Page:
You may be focusing on how much she was denying you by saying no, but if you used her, you were denying her doubly. You made sexual activity the absolute opposite of intimate, and chances are it was not pleasurable for her either (although even if it was, that does not mean that it wasn’t rape).

Please read our posts on what real sex actually is, or, better still, read The Great Sex Rescue to understand how you could have come to the wrong assumptions about sex, and see how you can get out of it.

"A groundbreaking look into what true, sacred biblical sexuality is intended to be. A must-read." - Rachael Denhollander

What if you're NOT the problem with your sex life?

What if the messages that you've been taught have messed things up--and what if there's a way to escape these toxic teachings?

It's time for a Great Sex Rescue.

Great Sex Rescue

4. Understand who is the actual victim–and understand what you have stolen from her.

It’s easy to get into a tit-for-tat when you’re accused of something big. But doesn’t she understand how much her accusations are hurting you? Does she really want to hurt you like that?

Or, “but she wasn’t caring about my sexual needs! She was depriving me!”

You may think that you are actually the victim, because she is not being a good wife. She is not giving you what she is supposed to be giving you.

If you go to your church to talk about your wife’s accusations, it is very likely that your church may take your side. You may be able to bully her into believing that you are actually the victim. But it will not work out well for you in the end. Listen to this woman’s story:

My ex-husband was wanting sex 2wks post-partum and the day I had to have surgery because of a miscarriage that left pieces of the lining. It didn’t matter if I had a UTI, yeast infection, no sleep from multiple babies in just as many years with miscarriages mixed in. He would refuse to let me sleep if I laid down. Of ALL the different forms of abuse I endured this one here is the one that still haunts me more then the rest. Feeling like I was only a piece of meat and that I had no rights to my own body because according to him it was his now that I was married. He went from respecting my body or so I thought before marriage not so much as kissing me to unwanted touching groping and so much more. I was told I was wrong for ever saying no and that it was unbiblical to deny him and worse that church backed him up. I don’t think I will ever be the same as a result.

He went to the church; the church supported him. But was the marriage saved? No, because it didn’t change the fact that he had been raping his wife.

Your church may care more about whether your wife is giving sex regularly than it does about whether or not you have been assaulting her. Unfortunately, many evangelical churches do not understand about marital coercion, but they do understand about the necessity (as they see it) of having sex every few days.

If you want to be the victim, it is very likely you will find churches, counselors, friends and family members to back you up.

But you need to ask yourself: Do I want to be seen as the one in the right, or do I want to save my marriage? Because at the point that a woman is sure that she has been raped, it is very, very unlikely you can save that marriage unless you own your stuff and remember that you are the one that has hurt her.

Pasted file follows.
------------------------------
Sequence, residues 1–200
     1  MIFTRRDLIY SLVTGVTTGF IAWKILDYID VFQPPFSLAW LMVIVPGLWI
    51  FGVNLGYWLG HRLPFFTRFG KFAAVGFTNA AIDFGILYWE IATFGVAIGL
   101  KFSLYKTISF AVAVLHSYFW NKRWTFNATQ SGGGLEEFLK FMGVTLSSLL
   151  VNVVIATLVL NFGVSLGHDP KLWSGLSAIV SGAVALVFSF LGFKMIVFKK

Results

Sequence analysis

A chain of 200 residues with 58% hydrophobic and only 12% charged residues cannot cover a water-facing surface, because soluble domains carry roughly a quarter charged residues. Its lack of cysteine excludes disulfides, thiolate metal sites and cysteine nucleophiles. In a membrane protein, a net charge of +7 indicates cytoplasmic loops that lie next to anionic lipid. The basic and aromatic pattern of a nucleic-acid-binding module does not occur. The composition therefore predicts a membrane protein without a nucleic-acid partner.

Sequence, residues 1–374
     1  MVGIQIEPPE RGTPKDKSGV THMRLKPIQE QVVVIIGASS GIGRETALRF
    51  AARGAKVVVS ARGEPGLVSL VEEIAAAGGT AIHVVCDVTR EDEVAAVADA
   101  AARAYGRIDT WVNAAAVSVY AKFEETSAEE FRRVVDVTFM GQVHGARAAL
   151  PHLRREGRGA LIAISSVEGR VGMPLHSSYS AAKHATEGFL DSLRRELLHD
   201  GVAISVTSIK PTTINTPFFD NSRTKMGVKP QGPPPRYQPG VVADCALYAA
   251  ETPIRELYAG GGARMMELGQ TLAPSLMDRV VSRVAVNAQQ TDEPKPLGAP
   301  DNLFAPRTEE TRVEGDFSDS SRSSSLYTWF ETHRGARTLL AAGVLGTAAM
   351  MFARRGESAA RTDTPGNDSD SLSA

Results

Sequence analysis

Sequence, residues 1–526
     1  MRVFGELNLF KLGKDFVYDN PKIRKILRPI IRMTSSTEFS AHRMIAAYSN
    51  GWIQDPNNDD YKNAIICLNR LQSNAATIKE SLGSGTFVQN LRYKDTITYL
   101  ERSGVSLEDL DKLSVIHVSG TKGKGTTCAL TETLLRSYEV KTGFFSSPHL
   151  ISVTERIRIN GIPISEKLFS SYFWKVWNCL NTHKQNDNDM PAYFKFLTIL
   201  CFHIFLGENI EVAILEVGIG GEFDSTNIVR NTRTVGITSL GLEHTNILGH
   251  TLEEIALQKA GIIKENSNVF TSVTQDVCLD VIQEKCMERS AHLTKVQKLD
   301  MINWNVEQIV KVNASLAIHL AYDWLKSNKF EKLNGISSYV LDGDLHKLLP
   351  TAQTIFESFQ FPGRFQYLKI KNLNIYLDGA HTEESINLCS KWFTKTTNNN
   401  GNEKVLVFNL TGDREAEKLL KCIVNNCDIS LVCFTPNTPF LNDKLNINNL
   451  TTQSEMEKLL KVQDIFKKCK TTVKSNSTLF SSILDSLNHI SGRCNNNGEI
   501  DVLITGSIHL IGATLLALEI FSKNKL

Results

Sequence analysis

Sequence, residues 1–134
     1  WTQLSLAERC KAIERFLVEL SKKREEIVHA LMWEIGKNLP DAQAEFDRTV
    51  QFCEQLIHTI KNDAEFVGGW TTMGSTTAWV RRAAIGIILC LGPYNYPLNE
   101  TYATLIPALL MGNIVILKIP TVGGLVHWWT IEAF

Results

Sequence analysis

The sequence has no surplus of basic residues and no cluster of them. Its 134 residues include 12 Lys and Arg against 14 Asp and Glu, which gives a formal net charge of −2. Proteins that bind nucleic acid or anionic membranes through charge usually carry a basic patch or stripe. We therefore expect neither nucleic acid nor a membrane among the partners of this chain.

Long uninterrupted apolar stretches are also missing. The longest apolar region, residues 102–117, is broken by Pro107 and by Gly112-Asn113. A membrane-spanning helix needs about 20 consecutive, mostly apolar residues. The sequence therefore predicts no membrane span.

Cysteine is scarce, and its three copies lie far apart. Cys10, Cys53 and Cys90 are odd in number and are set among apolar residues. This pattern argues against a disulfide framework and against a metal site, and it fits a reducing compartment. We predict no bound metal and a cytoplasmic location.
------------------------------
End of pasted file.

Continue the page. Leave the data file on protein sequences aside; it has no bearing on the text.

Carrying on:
If you paint yourself as the victim, she may become even more desperate. Most women in these situations have other health issues pop up, like mental health issues, inflammatory conditions, chronic pain, and more, because the body keeps the score. When trauma is denied, it will come out in some other way. That will make her even more helpless, and even less able to support herself independently, which may mean she stays in the marriage. But she will be a shell of herself.

Instead of focusing on what you think you deserve, can you please think about what she deserved? You may be focusing on how you have been robbed of getting your sexual needs met. But do you understand what has been stolen from her?

Women are actually very capable of enjoying and wanting sex. God gave women a body part where the only purpose is pleasure. God made women capable of multiple orgasms. God made women very sexual, and most women get married excited about the sex they are going to have.

If you have raped her, you have stolen sex from her. You have made what should have been an intimate, amazing experience into something which is threatening to her.

Many women never recover from that.

So understand: you have taken her sexuality from her.

With the right work, women can reclaim their sexuality, though not always.

But let’s remember that the frequency of your own ejaculations are not more important than her sexuality.

She is the one who was harmed the most because of the way you treated her. That needs to matter, and if it doesn’t matter to you, then your marriage will never recover. She may not leave you–but you will never have a real wife who wants to be there.

5. Rebuild trust–And Accept if That Cannot Happen

Give her space. Take all sexual expectations off the table. Tell her that you are willing to live without sex until she feels safe–even if that takes a long time. And understand that she may never be able to recover from this, even if you do all the right things. 

Some women are just not able to stay in an intimate relationship with someone who hurt them that badly, even if the person totally repents. This is part of reaping the consequences of your actions, and it can be very, very hard. 

That does not mean things won’t recover, though. But recovery needs to be focused on what is best for her, not what is best for you or best for the marriage.